In control: What happens in foreign markets affects our market.

In control: What happens in foreign markets affects our market. Photo: Greg Newington

As profit reporting seasons go this one should be harmless enough, if only because Wall Street’s matters more.

Friday’s share sell-off is a case in point, which was blamed on disappointing profit results on Wall Street from several multinationals, even though going by the US reporting season so far they’ll be the exception.

But they matter nonetheless. As the much ignored Henry report commissioned by Kevin Rudd – remember him? – concluded “international capital markets set the cost of capital and value for Australian companies”.

In other words, we don’t control our own market, as most recently demonstrated by the South African takeover of David Jones. Even bond yields and mortgage rates are swayed most by foreign buying and lending.

By the way, globalisation was the reason for the Henry report’s scepticism about the virtues of dividend franking with its 30 per cent tax break so perhaps it’s best left undisturbed.

Anyway, we already have a good idea of the outlook for profits thanks to continuous disclosure, not that this rules out surprises.

Costs are down thanks to lower wages growth, low interest rates or, even better, lower debt and downsizing. Any surprises should be pleasant ones, with QBE always the exception proving the rule, especially when it comes to dividends.

It’s not as if companies need to hoard their profits because they have big expansion plans in mind either. There’s no sign of that, much to the chagrin of the Reserve Bank.

Besides, if they want to look after their ordinary, rather than their foreign, shareholders they should shovel out as much as they can in franking credits, which are about to be devalued by the cut, Senate permitting, in the company tax rate next financial year.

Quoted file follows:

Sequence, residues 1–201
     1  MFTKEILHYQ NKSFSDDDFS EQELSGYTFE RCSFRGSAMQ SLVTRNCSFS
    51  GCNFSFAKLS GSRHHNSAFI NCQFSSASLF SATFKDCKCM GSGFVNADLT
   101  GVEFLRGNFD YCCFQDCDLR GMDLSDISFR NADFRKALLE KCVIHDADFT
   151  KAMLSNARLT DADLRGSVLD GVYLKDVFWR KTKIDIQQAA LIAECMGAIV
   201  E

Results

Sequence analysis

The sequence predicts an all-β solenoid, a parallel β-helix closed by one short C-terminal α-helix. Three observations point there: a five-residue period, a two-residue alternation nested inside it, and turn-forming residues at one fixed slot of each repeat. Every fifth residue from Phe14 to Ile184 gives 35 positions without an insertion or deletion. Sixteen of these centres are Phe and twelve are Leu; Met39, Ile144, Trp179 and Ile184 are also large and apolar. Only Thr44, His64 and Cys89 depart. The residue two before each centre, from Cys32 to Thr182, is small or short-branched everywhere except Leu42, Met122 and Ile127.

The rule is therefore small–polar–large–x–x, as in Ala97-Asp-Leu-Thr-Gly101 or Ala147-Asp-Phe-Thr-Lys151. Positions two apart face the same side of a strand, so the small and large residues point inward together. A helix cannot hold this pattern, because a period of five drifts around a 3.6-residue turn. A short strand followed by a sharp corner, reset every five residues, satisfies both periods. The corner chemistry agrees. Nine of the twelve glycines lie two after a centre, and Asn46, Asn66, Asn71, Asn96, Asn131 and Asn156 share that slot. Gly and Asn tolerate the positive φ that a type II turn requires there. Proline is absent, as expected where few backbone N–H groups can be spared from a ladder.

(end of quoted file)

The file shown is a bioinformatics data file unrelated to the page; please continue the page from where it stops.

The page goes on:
This is supposed to drop to 28.5 per cent, which would reduce every $1000 of franked dividends by $30.

But to be frank, franking doesn’t worry the foreign investors who drive this market.

The puzzle is that not much else is worrying them either. Markets have been unusually calm for ages and even on bad hair days like Friday there’s barely a blip.  Not even the tinderboxes of Ukraine, Gaza or Syria seem to register.

They may as well all be on Valium, which in a way they are. When you can only get 0.2 per cent in interest, anything else has to look good.  Heck, even government bonds look exciting. And if you can borrow at that rate the world is your oyster.

In euro areas rates are even negative – on deposits, not loans that is. Switzerland’s are 0 per cent; that’ll teach all those secret bank account holders but then they probably don’t care.

No wonder corporate executives overseas are buying back shares with this cheap money especially when, as BlackRock chief investment strategist Ewen Cameron Watt points out, a good part of their pay depends on benchmarks such as earnings growth or return on equity, which all look better on fewer issued shares. And fewer shares mean higher values.

Next come takeovers, the textbook sign of a bull market peaking.

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